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Being an effective political force is not just about being in office; it’s also about winning people’s hearts and minds. So a vote for the Greens in Brighton, for example, where we engage in politics at a very local level, means, among other things, voting for the conservation of the South Downs, and against the private finance initiative and the closure of secondary schools.
Being a Green Party activist is hard work; it’s continuous: we constantly look at our manifesto to see what we have achieved and what more needs to be done.
We are the Greens, not the Socialist Alliance or Respect. We have a distinct and democratic structure, and policies decided democratically (every major policy gets ratified by conference). And I haven’t come across any left group that seriously addresses resource use and environment issues in its manifesto.
These factors are attracting increasing numbers of people who trust us and see that voting Green does make a real difference – that by voting Green they are voting for the future as they want to see it. We can learn and incorporate from people in Respect and other left parties, but I”m really convinced that the Greens offer the best chance of getting our agenda adopted.
So at present, I see no immediate way forward for a coalition. I can’t see left groups as either being sufficiently different or saying anything sufficiently worthy to warrant going into coalition with them. Most of them have adopted Green Party policies anyway.
And Respect, for example, goes very quiet when it starts talking about gay issues. It also demands that Britain withdraws from Iraq without bothering to consider the implications of withdrawal. For me, the Greens are about delivering a new political order in an established system that is dominated by neo-liberal politics of the grey parties.
If we are going to talk about coalition, then it should be in the context of ideas, and the Greens will work with other people when they share our values. It should not be about building power bases for political factions.
It should be about achieving genuine changes that address the challenges we face this century, not past battles about who owns the means of production. If we enter a coalition we would lose some of our identity and some of our priorities; the Greens need to protect those things.
Grace Blakeley investigates the curious case of Carillion: how the company’s slow decline and abrupt liquidation reveals the nature of modern capitalism.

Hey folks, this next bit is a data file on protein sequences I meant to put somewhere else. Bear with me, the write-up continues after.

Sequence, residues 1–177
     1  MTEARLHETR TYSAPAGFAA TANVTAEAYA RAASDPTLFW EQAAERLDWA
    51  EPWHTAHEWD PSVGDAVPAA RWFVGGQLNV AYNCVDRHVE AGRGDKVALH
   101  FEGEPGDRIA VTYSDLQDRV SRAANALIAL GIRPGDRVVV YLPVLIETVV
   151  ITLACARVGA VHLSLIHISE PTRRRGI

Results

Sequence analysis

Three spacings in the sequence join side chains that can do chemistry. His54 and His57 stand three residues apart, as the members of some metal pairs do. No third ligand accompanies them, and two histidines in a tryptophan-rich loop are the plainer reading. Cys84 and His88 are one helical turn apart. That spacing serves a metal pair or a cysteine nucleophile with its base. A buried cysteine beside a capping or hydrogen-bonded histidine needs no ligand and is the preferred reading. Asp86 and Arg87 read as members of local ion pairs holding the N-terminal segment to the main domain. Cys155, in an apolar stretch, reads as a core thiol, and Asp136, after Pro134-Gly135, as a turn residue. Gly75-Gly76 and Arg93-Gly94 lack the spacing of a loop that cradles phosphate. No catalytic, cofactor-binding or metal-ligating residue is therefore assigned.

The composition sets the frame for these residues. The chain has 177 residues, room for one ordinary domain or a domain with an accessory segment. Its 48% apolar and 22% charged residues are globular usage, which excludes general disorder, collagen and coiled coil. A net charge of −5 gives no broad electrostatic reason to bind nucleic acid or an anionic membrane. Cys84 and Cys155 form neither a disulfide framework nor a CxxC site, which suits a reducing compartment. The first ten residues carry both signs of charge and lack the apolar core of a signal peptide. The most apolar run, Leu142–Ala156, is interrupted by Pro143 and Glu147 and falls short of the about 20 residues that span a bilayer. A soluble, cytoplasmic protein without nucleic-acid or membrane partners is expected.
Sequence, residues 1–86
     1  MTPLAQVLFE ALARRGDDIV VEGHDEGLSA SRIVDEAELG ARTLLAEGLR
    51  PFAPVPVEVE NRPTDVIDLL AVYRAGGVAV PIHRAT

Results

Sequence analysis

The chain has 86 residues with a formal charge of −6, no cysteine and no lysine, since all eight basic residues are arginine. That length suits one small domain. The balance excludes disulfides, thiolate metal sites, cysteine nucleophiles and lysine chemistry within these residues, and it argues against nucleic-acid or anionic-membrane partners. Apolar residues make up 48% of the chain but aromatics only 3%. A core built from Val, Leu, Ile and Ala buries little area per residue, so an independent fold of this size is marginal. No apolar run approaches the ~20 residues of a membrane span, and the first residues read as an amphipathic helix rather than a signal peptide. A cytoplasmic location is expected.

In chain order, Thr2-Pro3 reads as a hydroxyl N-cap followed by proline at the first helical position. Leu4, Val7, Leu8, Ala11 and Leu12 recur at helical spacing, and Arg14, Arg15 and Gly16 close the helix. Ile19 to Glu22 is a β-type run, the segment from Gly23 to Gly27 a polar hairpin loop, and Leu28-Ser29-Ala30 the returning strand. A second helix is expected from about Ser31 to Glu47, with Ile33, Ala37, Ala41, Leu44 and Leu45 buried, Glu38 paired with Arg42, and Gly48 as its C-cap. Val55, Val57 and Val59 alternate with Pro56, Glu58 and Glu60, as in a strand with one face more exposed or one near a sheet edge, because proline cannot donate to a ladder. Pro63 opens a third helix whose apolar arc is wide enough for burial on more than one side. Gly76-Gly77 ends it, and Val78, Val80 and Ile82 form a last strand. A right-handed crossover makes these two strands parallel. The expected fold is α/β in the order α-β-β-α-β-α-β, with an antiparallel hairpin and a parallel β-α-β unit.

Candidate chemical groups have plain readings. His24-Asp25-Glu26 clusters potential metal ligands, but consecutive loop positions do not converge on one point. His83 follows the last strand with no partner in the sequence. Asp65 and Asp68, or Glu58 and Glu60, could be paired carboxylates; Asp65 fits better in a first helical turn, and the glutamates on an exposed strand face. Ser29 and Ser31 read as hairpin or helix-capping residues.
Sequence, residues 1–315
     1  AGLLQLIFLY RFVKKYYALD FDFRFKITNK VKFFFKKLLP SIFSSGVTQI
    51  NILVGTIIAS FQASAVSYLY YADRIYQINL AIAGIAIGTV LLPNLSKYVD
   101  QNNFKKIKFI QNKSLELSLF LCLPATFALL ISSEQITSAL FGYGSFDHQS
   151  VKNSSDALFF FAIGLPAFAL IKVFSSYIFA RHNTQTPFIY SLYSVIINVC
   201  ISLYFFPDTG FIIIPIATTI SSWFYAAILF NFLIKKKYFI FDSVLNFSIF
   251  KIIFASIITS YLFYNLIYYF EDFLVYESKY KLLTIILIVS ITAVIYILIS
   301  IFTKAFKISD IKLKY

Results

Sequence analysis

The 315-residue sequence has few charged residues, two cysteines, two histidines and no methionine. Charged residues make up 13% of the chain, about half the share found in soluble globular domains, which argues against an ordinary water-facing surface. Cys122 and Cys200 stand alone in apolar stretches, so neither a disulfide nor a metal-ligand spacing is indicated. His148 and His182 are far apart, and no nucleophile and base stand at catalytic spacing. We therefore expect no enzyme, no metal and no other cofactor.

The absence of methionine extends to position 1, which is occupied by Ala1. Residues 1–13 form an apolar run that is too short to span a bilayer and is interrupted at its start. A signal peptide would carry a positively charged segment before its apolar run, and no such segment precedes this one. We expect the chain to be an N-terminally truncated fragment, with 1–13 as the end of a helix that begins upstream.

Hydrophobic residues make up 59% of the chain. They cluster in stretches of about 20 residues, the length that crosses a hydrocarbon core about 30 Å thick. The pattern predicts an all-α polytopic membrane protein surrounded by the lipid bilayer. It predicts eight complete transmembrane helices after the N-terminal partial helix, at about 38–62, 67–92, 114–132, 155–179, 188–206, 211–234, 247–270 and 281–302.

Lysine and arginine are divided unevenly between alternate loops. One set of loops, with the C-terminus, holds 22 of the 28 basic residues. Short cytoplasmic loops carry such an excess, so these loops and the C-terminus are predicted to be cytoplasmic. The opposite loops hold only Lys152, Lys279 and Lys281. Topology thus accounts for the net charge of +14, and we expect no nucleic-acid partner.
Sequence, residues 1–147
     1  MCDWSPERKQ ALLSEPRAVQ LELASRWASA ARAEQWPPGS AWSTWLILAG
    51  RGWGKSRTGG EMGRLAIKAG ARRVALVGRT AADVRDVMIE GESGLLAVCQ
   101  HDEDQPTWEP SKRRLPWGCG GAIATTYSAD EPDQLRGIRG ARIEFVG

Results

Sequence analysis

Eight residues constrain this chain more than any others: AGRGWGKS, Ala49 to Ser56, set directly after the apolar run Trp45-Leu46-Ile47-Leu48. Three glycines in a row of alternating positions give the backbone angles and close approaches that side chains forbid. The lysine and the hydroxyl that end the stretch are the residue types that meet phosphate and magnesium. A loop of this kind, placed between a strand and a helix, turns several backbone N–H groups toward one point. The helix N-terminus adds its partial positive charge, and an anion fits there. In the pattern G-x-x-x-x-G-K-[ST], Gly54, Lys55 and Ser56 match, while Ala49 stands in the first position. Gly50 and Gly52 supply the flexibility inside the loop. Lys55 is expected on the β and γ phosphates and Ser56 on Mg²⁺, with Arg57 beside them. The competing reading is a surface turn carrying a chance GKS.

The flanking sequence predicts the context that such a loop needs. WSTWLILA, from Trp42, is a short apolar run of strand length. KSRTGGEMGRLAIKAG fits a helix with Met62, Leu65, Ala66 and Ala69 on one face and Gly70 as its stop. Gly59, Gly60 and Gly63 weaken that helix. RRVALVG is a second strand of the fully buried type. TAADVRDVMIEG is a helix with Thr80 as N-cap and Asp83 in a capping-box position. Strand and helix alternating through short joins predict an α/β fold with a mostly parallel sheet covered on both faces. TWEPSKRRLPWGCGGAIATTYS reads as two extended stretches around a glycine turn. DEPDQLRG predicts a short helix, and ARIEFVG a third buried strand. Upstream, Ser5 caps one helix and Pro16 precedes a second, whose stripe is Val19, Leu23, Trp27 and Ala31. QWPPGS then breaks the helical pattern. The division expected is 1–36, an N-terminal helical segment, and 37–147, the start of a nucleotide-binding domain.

The collapse of Carillion could be a watershed moment. Let's seize it to end economically disastrous outsourcing schemes. By Cat Hobbs.
Campaign groups highlight UK complicity in Saudi Arabia's human rights abuses.
Three founders of Momentum talk to Ashish Ghadiali about the two years that have transformed their lives and the fortunes of the British left.
Andrew Smith from Campaign Against the Arms Trade gives the run-down on one of the UK's most profitable - and most deadly - industries.
The real story behind the fire in Grande Synthe’s Linière refugee camp, Dunkirk. From 'Bordered Lives – How Europe fails refugees and migrants' by Hsiao-Hung Pai
Javier Pérez De La Cruz writes about the working class Berlin neighbourhood wrung dry by gentrifiers.
Across the world, thousands of protesters are taking on the planet’s biggest fossil fuel companies. We should support them – and if we can, we should join them. By Kara Moses
Students are suffering the effects of financial instability, stress, and slashed mental health services. Mark Crawford reports.
They're not defending free speech - they're just seeking to shore up their own power, writes Ilyas Nagdee
Jeremy Hunt is poised to flog the last of the NHS
Peter Roderick sounds the alarm on an 'attack on the fundamental principles of the NHS'.
Viva Siva, 1923-2018
A. Sivanandan, who died this week, was a hugely important figure in the politics of race and class. As part of our tributes, Red Pepper is republishing this 2009 profile of him by Arun Kundnani
Sivanandan: When memory forgets a giant
Daniel Renwick calls for the whole movement to discover and remember the vital work of A. Sivanandan, who died this week
A master-work of graphic satire
American Jewish cartoonist Eli Valley’s comic commentary on America, the US Jewish diaspora and Israel is nothing if not near the knuckle, Richard Kuper writes
Meet the frontline activists facing down the global mining industry
Activists are defending land, life and water from the global mining industry. Tatiana Garavito, Sebastian Ordoñez and Hannibal Rhoades investigate.
Transition or succession? Zimbabwe’s future looks uncertain
The fall of Mugabe doesn't necessarily spell freedom for the people of Zimbabwe, writes Farai Maguwu
Don’t let Corbyn’s opponents sneak onto the Labour NEC
Labour’s powerful governing body is being targeted by forces that still want to strangle Jeremy Corbyn’s leadership, writes Alex Nunns